Blu-ray is here to stay. With almost six times the capacity of standard DVD, Blu-ray accommodates higher-resolution video and lots more extras. Will standard DVD go the way of the dinosaurs? Don’t worry about your collection — Blu-ray players will play standard DVDs. This week, a truckload of new and old movies make their Blu-ray debut — too many to review here. Here are a few highlights of what’s worth picking — and passing on. (If you don’t have a Blu-ray player yet, they’re all available on standard DVD.)
The Fugitive (1993): In his last great role, Harrison Ford is Richard Kimble, wrongly accused of killing his wife and pursued by U.S. Marshall Tommy Lee Jones. It’s a thrilling match of wits and luck in which you root for both sides. Murder and other violence, coarse language. Teens and up.
Planet Earth (2006): Eleven hours of some of the most awesome nature documentary footage ever. Some graphic scenes of predation; brief discussion of population control. Generally fine family viewing.
Pride and Prejudice (1995): The beloved BBC miniseries — all five hours of it, the definitive retelling of Austen’s beloved tale. Romantic complications and a brief scandalous incident. Might be okay for kids.
The Pursuit of Happyness (2006): Will Smith is Hollywood’s most responsible struggling father since Cinderella Man in this Hollywoodized take on a true story. Some crude language, mild profanity and an obscenity; marital discord and desertion; some disturbing situations. Teens and up.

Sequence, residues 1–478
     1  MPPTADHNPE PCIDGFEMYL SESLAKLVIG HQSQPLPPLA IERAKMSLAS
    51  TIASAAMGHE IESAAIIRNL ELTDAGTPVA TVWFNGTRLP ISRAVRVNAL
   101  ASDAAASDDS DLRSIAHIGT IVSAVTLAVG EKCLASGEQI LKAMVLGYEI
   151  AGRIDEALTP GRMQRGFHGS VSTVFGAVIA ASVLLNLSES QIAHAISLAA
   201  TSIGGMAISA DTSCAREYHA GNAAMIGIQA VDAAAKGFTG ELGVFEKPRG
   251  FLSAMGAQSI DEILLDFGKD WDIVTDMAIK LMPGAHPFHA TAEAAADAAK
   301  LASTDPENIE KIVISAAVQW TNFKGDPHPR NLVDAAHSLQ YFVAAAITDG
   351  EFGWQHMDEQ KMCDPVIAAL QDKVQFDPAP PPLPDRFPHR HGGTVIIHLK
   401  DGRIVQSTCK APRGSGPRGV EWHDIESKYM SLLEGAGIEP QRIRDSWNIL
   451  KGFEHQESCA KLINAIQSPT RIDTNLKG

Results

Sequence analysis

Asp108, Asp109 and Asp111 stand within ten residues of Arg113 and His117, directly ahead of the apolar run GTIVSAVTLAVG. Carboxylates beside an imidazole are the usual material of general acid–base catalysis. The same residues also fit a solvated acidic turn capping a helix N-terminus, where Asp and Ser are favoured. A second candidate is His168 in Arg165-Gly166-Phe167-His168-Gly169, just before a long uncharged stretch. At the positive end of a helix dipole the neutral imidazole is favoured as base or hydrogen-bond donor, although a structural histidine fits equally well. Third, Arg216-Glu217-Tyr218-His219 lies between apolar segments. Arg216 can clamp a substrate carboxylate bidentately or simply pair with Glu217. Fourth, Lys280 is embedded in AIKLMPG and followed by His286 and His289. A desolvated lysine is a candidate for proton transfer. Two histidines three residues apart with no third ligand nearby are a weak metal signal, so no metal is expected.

Strictly Ballroom (1992): Baz Luhrman’s comedy-romance is compulsively watchable, wickedly satirical and grandly romantic, an edgy mockumentary with a crowd-pleasing fairy-tale ending. Grand fun. Some rude expressions, mild crude humor, comic drunkenness.
The Third Man (1949): Directed by Carol Reed from Graham Greene’s screenplay of his own novel, The Third Man is a visually stunning, sophisticated thriller mired in the muddle of post-war Europe. Brief violence; discussion of murder and racketeering; partial nudity in a cabaret scene. Teens and up.
The Island (2005): Schlockmeister Michael Bay’s sci-fi parable about human cloning gets human dignity right-ish, but gets mired by unnecessarily violent action and trashy sexuality. Much strong action violence; profane, obscene and crude language; a disturbing childbirth scene, inappropriate sexual content and a couple of toilet scenes; a couple of theologically confused remarks.
The Legend of Zorro (2005): This disastrous sequel reunites Antonio Banderas, Catherine Zeta-Jones and director Martin Campbell, but the Mask of Zorro magic is gone. Rated PG, it’s cynically marketed to family audiences only because it’s not good enough for grown-ups. Kids deserve better. Stylized violence; marital discord and divorce; mixed depiction of religious figures, including a weirdly religious villain.
The Polar Express (2004): This lackluster computer-animated Christmas fantasy was marketed as a parable of “faith,” but dubiously suggests that the journey matters more than the destination. “The meaning of Christmas is in your heart.” Whatever that means. Mild action peril; brief unnerving imagery.